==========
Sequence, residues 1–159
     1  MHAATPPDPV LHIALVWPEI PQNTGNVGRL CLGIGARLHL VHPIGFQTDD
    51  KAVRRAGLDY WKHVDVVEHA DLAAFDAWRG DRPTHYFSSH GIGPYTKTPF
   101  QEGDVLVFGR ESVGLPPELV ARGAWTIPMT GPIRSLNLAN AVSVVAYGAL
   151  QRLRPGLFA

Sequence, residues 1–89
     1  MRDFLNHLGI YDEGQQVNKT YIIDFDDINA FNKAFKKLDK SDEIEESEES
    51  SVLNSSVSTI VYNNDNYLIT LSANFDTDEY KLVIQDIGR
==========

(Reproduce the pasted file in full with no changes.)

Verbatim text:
Sequence, residues 1–159
     1  MHAATPPDPV LHIALVWPEI PQNTGNVGRL CLGIGARLHL VHPIGFQTDD
    51  KAVRRAGLDY WKHVDVVEHA DLAAFDAWRG DRPTHYFSSH GIGPYTKTPF
   101  QEGDVLVFGR ESVGLPPELV ARGAWTIPMT GPIRSLNLAN AVSVVAYGAL
   151  QRLRPGLFA

Sequence, residues 1–89
     1  MRDFLNHLGI YDEGQQVNKT YIIDFDDINA FNKAFKKLDK SDEIEESEES
    51  SVLNSSVSTI VYNNDNYLIT LSANFDTDEY KLVIQDIGR